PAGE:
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Watch Little Women

(78938) 8.0 135 min 2019

Little Women is a movie starring Saoirse Ronan, Emma Watson, and Florence Pugh. Jo March (Saoirse Ronan) reflects back and forth on her life, telling the beloved story of the March sisters - four young women each determined to live...

Saoirse Ronan, Emma Watson, Eliza Scanlen, Florence Pugh
Drama, Romance
Greta Gerwig

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Product details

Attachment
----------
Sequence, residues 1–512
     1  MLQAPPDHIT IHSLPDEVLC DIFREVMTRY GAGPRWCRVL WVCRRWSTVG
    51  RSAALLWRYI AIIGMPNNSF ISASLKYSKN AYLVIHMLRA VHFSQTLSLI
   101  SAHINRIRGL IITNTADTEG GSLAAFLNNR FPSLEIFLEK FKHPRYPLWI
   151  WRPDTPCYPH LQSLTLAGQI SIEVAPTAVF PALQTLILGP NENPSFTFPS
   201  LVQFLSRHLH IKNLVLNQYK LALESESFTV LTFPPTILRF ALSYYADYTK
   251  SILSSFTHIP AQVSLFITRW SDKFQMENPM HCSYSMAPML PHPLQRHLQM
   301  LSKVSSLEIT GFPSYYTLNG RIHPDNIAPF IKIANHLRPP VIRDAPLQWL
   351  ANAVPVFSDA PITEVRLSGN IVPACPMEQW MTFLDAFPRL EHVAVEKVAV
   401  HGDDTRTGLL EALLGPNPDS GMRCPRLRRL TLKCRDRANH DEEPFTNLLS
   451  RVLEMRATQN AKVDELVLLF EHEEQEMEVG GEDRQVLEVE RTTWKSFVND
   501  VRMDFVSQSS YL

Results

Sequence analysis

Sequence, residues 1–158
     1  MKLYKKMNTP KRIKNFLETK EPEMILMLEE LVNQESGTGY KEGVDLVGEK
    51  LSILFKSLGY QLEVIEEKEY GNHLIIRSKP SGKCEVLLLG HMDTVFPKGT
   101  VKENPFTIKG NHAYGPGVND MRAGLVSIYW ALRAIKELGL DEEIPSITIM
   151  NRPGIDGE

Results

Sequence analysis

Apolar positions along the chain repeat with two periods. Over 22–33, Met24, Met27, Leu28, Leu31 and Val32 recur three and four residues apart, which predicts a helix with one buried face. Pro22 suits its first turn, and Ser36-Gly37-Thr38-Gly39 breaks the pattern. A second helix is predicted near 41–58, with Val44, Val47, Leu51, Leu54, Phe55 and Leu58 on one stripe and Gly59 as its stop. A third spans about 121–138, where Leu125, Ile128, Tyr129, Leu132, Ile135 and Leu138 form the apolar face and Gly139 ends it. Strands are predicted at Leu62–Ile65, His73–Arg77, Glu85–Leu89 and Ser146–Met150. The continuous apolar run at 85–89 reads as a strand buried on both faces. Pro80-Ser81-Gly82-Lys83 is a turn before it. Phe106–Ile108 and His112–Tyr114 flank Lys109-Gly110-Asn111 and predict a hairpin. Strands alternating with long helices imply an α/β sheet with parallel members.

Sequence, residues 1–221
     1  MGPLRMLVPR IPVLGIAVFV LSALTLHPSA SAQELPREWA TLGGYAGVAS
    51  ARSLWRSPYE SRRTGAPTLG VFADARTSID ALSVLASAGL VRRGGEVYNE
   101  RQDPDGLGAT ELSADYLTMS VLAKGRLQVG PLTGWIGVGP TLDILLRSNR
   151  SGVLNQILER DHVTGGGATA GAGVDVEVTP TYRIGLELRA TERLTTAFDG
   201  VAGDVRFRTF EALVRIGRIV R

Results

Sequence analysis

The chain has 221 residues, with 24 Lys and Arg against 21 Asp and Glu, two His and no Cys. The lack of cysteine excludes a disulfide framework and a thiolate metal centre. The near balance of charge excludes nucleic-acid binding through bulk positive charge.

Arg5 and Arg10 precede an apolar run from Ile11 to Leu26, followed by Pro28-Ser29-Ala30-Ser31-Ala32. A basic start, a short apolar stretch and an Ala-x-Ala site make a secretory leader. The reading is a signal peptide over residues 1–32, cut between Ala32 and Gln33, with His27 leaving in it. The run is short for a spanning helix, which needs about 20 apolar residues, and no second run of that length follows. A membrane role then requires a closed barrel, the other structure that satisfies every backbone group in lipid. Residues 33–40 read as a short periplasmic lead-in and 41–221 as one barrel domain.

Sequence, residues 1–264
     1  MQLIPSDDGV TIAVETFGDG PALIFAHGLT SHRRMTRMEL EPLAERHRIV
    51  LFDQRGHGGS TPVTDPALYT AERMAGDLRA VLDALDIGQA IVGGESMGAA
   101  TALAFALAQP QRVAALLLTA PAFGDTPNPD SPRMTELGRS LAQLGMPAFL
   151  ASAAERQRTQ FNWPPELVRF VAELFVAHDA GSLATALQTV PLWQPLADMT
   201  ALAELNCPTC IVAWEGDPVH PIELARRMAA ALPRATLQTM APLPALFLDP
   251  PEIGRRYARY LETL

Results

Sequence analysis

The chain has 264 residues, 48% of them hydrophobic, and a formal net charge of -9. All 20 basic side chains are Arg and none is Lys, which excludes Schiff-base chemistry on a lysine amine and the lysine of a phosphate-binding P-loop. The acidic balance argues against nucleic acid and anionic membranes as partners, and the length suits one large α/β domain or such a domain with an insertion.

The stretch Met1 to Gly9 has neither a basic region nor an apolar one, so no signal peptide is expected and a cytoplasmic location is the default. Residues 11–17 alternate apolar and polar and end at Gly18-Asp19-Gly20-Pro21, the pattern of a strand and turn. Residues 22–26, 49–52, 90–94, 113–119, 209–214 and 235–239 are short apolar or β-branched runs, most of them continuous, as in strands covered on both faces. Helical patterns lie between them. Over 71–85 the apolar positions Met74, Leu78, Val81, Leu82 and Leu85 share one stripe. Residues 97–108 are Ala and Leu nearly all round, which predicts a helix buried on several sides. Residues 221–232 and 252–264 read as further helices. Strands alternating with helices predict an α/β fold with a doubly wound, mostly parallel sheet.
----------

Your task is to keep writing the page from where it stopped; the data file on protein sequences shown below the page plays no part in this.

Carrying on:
Audio English  Deutsch  Italiano  Español  Français  Gaeilge  Svenska  Nederlands
Subtitles 日本語  Čeština  Português  Australia  한국어  Filipino  Tiếng Việt  हिन्दी 
Quality 480p, 720p, 1080p, 2K, 4K
Genres Drama, Romance
Director Greta Gerwig
Writer Louisa May Alcott, Greta Gerwig
Stars Saoirse Ronan, Emma Watson, Eliza Scanlen, Florence Pugh
Country USA
Also Known As Μικρές Κυρίες, Piccole donne, Những Người Phụ Nữ Bé Nhỏ, Мале жене, Male žene, Malé ženy, Mazās sievietes, Nashim Ktanot, Pikku naisia, Küçük Kadınlar, Mažosios moterys, Małe kobietki, ストーリー・オブ・マイライフ/わたしの若草物語, 小妇人, Väikesed naised, Kisasszonyok, Unga kvinnor, Fiicele doctorului March, Mujercitas, Adoráveis Mulheres, Čas deklištva, Les filles du Docteur March, Mulherzinhas, 她們
Runtime 2H 15M